The Difference Between A Car Enthusiast And An EV Fanboy…

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Ferrari has decided to stick with internal combustion engines rather than join the crowd.  The famed Italian supercar manufacturer is known for its shrieking V8 and V10 engines.  And, despite government pressure, will not force electric drivetrains onto their customers.  The sound is, after all, a big part of what makes them a Ferrari.

Under the article, there was a comment “a Ferrari that doesn’t win races isn’t a Ferrari” and went on to suggest that the tune would change “when their $600,000 works of art start getting blown away by an electric minivan full of kids, driven by a soccer mom sipping a latte and talking to her mom about her test results, and towing two jet skis.”

If owning a Ferrari was about winning illegal drag races, redlight to redlight, this is a valid point.  Obviously, being formidably fast is part of the supercar equation and electric does have a significant torque advantage right off the line.  Nobody who spent half a million on a vehicle wants to be dusted by a minivan full of kids.

The van was faster and legend is, in the book of Things That Never Happened, the guy with the McLaren traded it for the modded Honda.

However, the problem with this argument is that there are already muscle cars that will beat a Ferrari in a straight-line race.  And many mundane cars can be modified or tuned to at least give a supercar a run for their money.  But that’s not the point.  Nobody is going to trade their F50 for a Civic with a big turbocharger.  Why is that?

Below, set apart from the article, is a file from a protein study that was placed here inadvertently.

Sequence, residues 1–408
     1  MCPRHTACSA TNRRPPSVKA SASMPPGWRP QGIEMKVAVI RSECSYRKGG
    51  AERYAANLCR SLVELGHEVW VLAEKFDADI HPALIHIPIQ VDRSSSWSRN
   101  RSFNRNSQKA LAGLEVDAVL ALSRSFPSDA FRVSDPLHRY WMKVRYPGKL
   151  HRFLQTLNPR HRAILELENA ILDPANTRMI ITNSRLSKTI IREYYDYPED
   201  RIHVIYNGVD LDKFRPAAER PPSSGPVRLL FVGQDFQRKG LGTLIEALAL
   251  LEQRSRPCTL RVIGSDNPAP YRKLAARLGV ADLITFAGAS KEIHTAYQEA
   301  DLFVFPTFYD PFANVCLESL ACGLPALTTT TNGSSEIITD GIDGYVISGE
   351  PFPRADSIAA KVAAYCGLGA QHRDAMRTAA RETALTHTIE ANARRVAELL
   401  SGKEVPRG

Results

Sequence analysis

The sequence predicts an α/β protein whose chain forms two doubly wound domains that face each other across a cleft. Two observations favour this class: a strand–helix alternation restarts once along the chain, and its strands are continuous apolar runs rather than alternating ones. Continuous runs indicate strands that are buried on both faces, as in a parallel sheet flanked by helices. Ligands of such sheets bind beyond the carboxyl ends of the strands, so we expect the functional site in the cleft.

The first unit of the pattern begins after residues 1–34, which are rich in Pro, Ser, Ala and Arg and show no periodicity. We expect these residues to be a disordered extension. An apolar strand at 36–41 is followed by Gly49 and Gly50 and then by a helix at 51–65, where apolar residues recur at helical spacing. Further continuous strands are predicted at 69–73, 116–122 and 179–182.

First of all, what it takes to win a drag race is completely different from being competitive in the 24 hours of LeMans.  

Currently, there is no EV in the world that has the kind of endurance to go full bore (or coil) for as long as a real track car.  The Tesla P100DL can only last a lap and a half before it must be pitted due to the batteries overheating.  But the main problem is simply that batteries do not store enough energy and take far too long to recharge to be viable in competition.

The huge advantage of petroleum is energy density.  This means both extended range and also lightweight.  This translates to better driving dynamics, and less demand (or wear) on brakes and tires, which is key to winning races.

And there is no magic wand that will solve these massive drawbacks of EVs either.  It’s just how the chemistry and physics work out.

Secondly, most people who drive a Ferrari aren’t racing them nor do they need to own the fastest car on the road.  They own the car for the same reason that a person buys a painting rather than a photograph.  Sure, the image a cell phone can produce is much more realistic than the artwork, but arguing that this makes a van Gogh worthless is silliness.